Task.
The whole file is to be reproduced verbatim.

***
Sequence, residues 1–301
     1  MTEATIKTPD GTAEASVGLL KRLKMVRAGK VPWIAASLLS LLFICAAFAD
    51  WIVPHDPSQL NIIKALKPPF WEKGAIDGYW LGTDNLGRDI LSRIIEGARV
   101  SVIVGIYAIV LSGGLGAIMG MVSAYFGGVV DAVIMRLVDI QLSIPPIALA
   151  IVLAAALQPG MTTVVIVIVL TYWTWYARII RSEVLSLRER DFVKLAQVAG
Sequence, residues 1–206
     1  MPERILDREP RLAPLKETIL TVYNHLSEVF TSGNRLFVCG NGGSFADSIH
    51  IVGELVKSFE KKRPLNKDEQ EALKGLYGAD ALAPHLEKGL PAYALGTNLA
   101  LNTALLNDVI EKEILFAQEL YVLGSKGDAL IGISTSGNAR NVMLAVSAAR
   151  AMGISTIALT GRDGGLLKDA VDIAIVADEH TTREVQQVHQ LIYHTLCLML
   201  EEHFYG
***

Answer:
Sequence, residues 1–301
     1  MTEATIKTPD GTAEASVGLL KRLKMVRAGK VPWIAASLLS LLFICAAFAD
    51  WIVPHDPSQL NIIKALKPPF WEKGAIDGYW LGTDNLGRDI LSRIIEGARV
   101  SVIVGIYAIV LSGGLGAIMG MVSAYFGGVV DAVIMRLVDI QLSIPPIALA
   151  IVLAAALQPG MTTVVIVIVL TYWTWYARII RSEVLSLRER DFVKLAQVAG
Sequence, residues 1–206
     1  MPERILDREP RLAPLKETIL TVYNHLSEVF TSGNRLFVCG NGGSFADSIH
    51  IVGELVKSFE KKRPLNKDEQ EALKGLYGAD ALAPHLEKGL PAYALGTNLA
   101  LNTALLNDVI EKEILFAQEL YVLGSKGDAL IGISTSGNAR NVMLAVSAAR
   151  AMGISTIALT GRDGGLLKDA VDIAIVADEH TTREVQQVHQ LIYHTLCLML
   201  EEHFYG